Inactivation of TSGs plays an important role in carcinogenesis.14, 15 Silencing can occur by epigenetic alterations including aberrant hypermethylation of the promoter region and chromatin modification accompanied by histone deacetylation14, 16, 17; these 2 epigenetic changes are closely linked to each other.16, 17 Treatment with a DNA demethylating agent and a HDAC inhibitor has revealed genes that have been epigenetically silenced in various types of cancer.18–21 In this study, we identified epigenetically silenced genes in pancreatic cancer cells in order to identify candidate TGSs.
Several human tumor antigens have been identified in cancer cells, and they are categorized into various classes: differentiation antigens (e.g., tyrosinase and MelanA/MART-1), antigens derived from overexpression and/or amplification (e.g., HER-2/neu), gene mutation (e.g., p53), viral origin antigens (e.g., E6 and E7),22 and cancer/testis (CT) antigens (e.g., MAGE, GAGE and NY-ESO-1). Among them, the CT antigens have received particular attention as potential vaccine targets because of their unique tissue expression.23, 24 The CT antigens are intriguing targets due to the ability of reactivating their expression by epigenetic therapy. Our microarray analysis showed that several CT antigens were up-regulated by treatment of 5Aza-dC and SAHA in PANC-1 cells. Silencing of these genes might allow pancreatic cancer cells to escape from immune system. Thus, inhibitors of DNA methyltransferase (5Aza-dC) and histone deacetylase (SAHA) may induce a T-cell-mediated anti-tumor effect. Furthermore, pretreatment with these agents may enhance vaccine therapy for cancers.
A prior study identified silenced genes in pancreatic cancer cells using microarray analysis.20 Several genes including UCHL1, NPTX2 and GAGEs were also obtained in our analysis. Here, we focused on 4 genes including UCHL1, TIMP2, IRF7 and CEBPA.
UCHL1 is a member of the carboxyl-terminal ubiquitin hydrolase family. This gene has been previously identified as a putative tumor-suppressor gene whose promoter has been reported to be methylated as a cancer-specific event in head and neck cancer.25 TIMP2 is one of the tissue inhibitors of matrix metalloproteinases (TIMPs), a family of natural inhibitors which control the activity of matrix metalloproteinases in the extracellular matrix. The role of TIMPs in cancer has been the subject of conflicting reports; some investigators find the protein to have antitumor activity, others show it can increase tumor growth.26 Enhanced expression of the gene in cancer cells can slow proliferation and invasiveness of tumor cells.26, 27 In addition, hypermethylation of the gene has been found in several types of cancer cells.28, 29 IRF7 is activated through the c-Jun N-terminal kinase/stress-activated protein kinase stress response pathway in response to various DNA-damaging chemotherapeutic agents.30 The promoter region of the gene has been shown to be methylated, and silenced in a fibrosarcoma cell line.31 In addition, IRF7 is the target gene of BRCA1, a known TSG for breast and ovarian tissues, and presence of IRF7 may be an important effecter of interferon gamma or BRCA1-mediated growth suppression in response to either viral infection or DNA damage.32
Transcription factor C/EBPα plays a critical role in the regulation of mitotic growth arrest and differentiation in numerous cell types, including preadipocytes, myeloid cells, hepatocytes, keratinocytes and pneumocytes.33–39 About 10–15% of acute myeloblastic leukemia (AML) samples have inactivating mutations of C/EBPα, and forced expression of C/EBPα in AML cells can induce terminal differentiation11, 40; and the gene is often methylated in AML cells.41 Breast cancer cells often have low expression of C/EBPα, and transduction of these cells with a C/EBPα expression vector markedly slowed their growth.42 Expression of C/EBPα is silenced in lung cancer cells, as well as, head and neck squamous cell carcinoma.8, 9, 43 Here, we showed for the first time that C/EBPα is methylated in several pancreatic cancer cell lines and inhibits PANC-1 cell growth. Although cancer cell lines often possess a much higher frequency of aberrantly methylated genes, these findings strongly suggested that C/EBPα is a TSG in pancreatic cancer cells. Further studies in a larger cohort of patient samples will clarify the frequency of methylation of the gene.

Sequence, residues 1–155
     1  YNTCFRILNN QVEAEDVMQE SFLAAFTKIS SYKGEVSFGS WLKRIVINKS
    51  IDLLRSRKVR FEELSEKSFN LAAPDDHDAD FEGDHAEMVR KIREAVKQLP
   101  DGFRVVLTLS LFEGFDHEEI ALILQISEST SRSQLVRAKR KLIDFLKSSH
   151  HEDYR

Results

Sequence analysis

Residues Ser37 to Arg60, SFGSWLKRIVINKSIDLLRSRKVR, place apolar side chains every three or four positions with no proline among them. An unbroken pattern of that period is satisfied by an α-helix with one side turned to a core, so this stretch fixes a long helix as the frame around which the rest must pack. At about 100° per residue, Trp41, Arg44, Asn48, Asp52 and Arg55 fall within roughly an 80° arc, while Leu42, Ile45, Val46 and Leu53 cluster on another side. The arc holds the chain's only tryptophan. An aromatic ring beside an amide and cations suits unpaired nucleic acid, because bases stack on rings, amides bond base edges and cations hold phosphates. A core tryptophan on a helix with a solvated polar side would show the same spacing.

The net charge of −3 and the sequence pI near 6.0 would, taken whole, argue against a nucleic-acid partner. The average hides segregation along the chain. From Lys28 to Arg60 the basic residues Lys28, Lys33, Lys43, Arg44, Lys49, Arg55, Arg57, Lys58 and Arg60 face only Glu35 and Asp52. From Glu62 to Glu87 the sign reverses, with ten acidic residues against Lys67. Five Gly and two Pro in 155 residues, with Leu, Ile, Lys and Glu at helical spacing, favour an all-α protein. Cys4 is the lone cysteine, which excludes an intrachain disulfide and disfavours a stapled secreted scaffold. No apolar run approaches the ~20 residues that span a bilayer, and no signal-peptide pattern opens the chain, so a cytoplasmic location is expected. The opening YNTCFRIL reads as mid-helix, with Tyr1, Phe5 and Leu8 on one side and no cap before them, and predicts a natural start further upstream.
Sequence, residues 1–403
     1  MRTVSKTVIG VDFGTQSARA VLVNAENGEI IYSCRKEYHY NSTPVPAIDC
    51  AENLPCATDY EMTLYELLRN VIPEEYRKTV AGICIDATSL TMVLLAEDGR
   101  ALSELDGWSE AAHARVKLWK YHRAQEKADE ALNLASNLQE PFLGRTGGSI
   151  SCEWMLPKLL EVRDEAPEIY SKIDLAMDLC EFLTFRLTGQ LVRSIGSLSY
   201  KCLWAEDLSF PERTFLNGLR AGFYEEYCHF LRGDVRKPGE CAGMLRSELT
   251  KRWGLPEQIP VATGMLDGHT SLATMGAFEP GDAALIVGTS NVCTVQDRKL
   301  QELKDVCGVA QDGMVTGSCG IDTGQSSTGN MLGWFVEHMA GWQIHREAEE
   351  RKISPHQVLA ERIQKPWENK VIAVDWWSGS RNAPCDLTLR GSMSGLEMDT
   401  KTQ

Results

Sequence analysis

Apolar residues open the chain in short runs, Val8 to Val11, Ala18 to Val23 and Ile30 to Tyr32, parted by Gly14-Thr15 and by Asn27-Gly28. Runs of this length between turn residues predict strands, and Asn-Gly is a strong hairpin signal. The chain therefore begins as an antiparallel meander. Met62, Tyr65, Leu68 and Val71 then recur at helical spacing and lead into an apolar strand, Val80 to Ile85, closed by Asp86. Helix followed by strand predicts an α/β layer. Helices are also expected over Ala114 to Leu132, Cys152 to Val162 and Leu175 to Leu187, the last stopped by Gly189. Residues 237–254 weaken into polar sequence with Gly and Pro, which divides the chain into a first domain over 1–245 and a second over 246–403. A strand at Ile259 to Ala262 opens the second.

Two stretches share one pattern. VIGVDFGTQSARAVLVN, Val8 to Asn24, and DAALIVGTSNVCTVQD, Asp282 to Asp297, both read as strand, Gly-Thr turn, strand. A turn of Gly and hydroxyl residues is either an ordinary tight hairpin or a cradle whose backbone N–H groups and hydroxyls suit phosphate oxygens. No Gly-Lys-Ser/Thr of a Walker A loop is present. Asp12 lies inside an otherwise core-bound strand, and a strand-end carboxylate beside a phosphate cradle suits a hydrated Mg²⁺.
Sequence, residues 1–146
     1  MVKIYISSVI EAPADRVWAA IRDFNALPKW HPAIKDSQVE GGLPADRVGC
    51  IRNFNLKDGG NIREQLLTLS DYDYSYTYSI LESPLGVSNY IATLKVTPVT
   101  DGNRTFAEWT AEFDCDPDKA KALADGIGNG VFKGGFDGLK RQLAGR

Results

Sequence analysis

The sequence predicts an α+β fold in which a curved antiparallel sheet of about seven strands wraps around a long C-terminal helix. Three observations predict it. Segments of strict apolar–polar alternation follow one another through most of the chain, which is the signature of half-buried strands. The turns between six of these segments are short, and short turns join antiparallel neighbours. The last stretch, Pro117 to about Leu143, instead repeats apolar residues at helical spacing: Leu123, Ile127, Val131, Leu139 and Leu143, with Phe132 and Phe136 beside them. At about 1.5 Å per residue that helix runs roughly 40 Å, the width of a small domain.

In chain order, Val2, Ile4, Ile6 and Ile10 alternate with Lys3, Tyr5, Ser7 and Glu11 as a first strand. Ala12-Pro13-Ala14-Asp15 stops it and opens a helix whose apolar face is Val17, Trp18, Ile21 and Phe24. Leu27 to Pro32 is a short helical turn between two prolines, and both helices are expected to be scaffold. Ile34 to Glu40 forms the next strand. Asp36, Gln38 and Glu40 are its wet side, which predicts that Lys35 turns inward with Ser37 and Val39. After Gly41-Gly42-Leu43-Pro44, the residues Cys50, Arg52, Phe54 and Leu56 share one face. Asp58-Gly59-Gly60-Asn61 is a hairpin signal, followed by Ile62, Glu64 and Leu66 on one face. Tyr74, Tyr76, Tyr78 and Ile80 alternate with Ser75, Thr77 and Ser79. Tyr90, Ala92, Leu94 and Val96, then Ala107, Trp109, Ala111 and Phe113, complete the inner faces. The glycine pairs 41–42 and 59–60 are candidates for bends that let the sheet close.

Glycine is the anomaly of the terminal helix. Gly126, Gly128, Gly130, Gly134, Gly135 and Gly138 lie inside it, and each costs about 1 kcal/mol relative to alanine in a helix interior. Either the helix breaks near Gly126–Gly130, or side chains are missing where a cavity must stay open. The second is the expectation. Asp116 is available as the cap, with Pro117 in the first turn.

We explored mechanisms by which C/EBPα suppressed growth by using PANC-1 pancreatic cancer cells in reporter assay using a concatamerized E2F binding site. E2F is a transcriptional factor whose target genes are necessary for the G1/S transition.44, 45 C/EBPα inhibited the ability of the E2F transcription factor to stimulate the reporter gene. This inhibition may be caused by the ability of C/EBPα to bind E2F1. The retinoblastoma (Rb) and E2F proteins are key regulators of the cell cycle and differentiation.44, 45 Rb is a well-established TSG involved in the regulation of cell cycle progression. Hypophosphorylated Rb sequesters the E2F transcriptional factors whose target genes are necessary for the G1/S transition.44, 45 Recently, we reported that the forced expression of C/EBPα in pancreatic cancer cells decreased the expression of phosphorylated Rb.13 Taken together, forced expression of C/EBPα may retard growth of pancreatic cancer cells by effecting both E2F1 and Rb.
Our immunohistochemical staining showed that C/EBPα signal was strongly detected in the nucleus in normal pancreatic islet cells but not in normal pancreatic duct (data not shown). Interestingly, the signal was detected in the cytoplasm and to a lesser extent the nucleus of pancreatic carcinoma cells. Aberrant cytoplasmic localization of C/EBPα is also found in breast cancer tissue.42 In general, transcription factors including C/EBPα function in the nucleus, suggesting that deregulation of nuclear localization of C/EBPα leads to functional deficiency and results in cell abnormalities. Although the C/EBPα gene is methylated in pancreatic cancer cell lines, primary tumor samples showed expression of the protein; but displayed cytoplasmic localization. These findings suggest that several mechanisms for inactivating C/EBPα function might be involved in the carcinogenesis of pancreatic cells.
In summary, our data demonstrated that aberrant silencing, as well as, inappropriate cytoplasmic localization of C/EBPα causes dysregulation of its functions, suggesting that C/EBPα is a novel candidate TSG dysregulated in pancreatic cancer cells. Its re-activation or re-localization may be a promising therapeutic approach to this cancer.
We thank members of our laboratory for their helpful discussions. H.P.K. is the holder of the Mark Goodson endowed Chair in Oncology Research and is a member of the Jonsson Cancer Center and the Molecular Biology Institute, UCLA.